And while Quicny Amarikwa has shown some promising stints in attack this season, he’s yet to make a significant impact. He often tries to do too much with the ball, a habit that seems exacerbated by the current slump he’s in. The young striker came in as a late sub Saturday, but once again failed to find the net and is yet to open his scoring account in 2015.
It’s nice that the coaches and players don’t want to make excuses for the recent three-game losing streak, but they don’t have a lot of time to digest Saturday’s road loss. The U.S. Open Cup begins Tuesday for Chicago, and the club’s depth will continually be challenged throughout the summer.
It’s still relatively early in the season, and there’s plenty of time for Frank Yallop and the Fire to turn this thing around. But the longer the team shows a lack of fight and determination, as it often has this season, the more Frank Yallop will hear Chicago’s restless and proud fan base calling for his job.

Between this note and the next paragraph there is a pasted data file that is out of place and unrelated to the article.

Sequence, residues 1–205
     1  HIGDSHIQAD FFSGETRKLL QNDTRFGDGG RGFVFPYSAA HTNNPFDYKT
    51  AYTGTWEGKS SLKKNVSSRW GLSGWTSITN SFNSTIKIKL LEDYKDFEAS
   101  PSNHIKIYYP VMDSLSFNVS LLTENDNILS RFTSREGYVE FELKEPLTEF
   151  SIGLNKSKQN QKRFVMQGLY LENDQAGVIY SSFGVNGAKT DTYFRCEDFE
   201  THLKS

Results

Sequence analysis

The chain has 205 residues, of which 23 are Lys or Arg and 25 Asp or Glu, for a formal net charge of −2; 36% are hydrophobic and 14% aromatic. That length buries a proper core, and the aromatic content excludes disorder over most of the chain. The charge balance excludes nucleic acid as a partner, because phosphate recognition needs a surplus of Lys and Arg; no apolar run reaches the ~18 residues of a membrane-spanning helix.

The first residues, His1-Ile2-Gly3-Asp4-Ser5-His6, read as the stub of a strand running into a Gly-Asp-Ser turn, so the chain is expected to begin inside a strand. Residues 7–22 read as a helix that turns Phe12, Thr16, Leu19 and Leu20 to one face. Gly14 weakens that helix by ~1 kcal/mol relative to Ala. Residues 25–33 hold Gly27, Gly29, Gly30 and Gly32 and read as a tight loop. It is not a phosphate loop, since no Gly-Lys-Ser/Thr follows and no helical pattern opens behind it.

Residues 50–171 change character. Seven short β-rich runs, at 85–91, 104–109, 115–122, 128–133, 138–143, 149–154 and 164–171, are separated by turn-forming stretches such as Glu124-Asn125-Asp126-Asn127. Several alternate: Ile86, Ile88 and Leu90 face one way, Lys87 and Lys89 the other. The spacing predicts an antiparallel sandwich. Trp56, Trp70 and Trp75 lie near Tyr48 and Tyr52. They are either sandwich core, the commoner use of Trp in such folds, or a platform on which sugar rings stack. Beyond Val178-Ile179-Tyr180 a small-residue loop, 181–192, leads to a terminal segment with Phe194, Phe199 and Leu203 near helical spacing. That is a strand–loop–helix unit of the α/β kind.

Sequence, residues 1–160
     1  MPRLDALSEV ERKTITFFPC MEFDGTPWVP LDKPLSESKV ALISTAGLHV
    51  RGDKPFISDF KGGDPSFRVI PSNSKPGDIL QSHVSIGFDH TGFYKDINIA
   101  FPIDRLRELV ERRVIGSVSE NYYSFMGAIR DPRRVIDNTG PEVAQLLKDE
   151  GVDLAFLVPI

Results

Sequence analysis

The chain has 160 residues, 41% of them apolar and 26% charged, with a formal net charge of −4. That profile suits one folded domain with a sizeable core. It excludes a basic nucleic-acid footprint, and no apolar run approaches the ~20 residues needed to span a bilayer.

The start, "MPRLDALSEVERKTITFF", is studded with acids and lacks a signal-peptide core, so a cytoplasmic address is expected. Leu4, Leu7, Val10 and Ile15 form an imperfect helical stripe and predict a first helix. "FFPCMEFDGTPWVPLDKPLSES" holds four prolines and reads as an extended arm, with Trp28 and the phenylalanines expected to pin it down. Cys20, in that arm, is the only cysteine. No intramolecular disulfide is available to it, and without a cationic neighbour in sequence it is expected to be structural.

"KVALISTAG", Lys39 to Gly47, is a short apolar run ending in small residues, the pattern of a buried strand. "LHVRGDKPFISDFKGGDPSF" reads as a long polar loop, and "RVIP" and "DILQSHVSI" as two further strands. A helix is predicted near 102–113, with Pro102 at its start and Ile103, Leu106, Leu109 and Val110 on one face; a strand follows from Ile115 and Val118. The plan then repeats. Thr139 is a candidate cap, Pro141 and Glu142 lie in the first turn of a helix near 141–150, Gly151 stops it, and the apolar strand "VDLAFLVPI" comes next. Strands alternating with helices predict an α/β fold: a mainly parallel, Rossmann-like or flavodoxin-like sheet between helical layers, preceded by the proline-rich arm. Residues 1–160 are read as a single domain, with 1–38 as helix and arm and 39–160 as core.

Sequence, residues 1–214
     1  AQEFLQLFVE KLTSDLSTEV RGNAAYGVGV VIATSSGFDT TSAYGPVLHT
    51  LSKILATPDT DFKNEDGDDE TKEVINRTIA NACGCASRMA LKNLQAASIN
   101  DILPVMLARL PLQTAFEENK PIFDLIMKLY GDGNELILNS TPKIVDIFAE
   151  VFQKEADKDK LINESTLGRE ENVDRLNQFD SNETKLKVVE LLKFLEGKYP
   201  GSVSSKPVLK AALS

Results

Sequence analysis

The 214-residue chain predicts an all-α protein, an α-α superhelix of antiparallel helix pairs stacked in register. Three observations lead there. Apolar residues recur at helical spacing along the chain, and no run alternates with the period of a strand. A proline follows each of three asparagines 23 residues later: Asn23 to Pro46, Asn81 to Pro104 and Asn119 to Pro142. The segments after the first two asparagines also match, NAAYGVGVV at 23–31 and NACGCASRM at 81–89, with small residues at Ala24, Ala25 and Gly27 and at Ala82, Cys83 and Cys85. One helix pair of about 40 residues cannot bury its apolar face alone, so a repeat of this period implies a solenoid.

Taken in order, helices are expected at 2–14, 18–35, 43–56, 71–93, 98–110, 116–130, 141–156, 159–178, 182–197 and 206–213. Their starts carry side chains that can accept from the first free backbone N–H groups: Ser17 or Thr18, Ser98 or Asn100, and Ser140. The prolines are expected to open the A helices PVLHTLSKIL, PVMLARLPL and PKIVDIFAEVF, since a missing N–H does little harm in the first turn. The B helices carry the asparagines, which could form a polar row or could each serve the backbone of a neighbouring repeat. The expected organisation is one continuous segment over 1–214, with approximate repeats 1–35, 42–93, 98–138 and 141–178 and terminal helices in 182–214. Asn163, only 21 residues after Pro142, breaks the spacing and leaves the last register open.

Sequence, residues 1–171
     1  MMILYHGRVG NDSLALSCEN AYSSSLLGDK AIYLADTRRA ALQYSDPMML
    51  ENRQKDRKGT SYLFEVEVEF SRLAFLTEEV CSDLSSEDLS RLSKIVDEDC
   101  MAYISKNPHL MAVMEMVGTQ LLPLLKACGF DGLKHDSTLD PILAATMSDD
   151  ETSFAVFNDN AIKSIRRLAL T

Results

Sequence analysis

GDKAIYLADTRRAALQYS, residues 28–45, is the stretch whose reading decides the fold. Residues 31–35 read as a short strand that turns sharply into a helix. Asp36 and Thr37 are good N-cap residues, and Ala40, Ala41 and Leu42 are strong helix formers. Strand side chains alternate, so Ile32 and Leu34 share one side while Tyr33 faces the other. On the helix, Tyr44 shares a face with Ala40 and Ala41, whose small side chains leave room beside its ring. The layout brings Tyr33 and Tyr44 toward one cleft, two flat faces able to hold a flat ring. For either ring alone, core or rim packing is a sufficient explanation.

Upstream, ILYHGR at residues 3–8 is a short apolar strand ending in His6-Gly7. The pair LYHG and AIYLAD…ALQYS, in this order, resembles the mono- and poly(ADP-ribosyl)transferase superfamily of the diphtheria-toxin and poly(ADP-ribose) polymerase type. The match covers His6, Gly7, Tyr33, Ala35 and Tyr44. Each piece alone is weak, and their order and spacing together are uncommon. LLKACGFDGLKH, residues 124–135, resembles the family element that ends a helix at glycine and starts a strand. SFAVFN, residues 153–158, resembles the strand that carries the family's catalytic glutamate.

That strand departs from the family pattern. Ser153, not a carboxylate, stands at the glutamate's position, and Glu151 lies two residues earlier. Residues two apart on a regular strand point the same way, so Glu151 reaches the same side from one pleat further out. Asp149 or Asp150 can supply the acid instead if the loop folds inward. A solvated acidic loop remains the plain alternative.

Realistically, it’s way too early to do that, but this is Chicago, and every professional’s job is up for review. Coach Yallop seems like a really good guy, and I’m totally rooting for him, but I have to wonder what the halftime and post-game speeches are like for what’s currently a very underwhelming soccer team.
After the match, Frank Yallop told reporters that he’s looking for more bravery from his players. Fair enough, but he’s said something to that effect after the last three matches. Particularly on the defensive side, this team seems unwilling to fight, scratch and claw for a result right now.
There will be many tactical questions asked of the Fire in the coming weeks, but I’m especially interested in what kind of resolve this team has. As the song says in that great musical Damn Yankees, You gotta’ have heart, something the Fire are lacking right now. (By the way, that musical was based on a time when the Yankees actually sucked. According to those “sports fans” on Broadway, apparently all the Yanks needed to become a baseball empire was heart. Go figure.)
The Fire will be back at Toyota Park on Tuesday night for its debut in the 2015 Lamar Hunt U.S. Open Cup, as Chicago hosts USL opponent Louisville City for a 7:30 p.m. kickoff (CDT).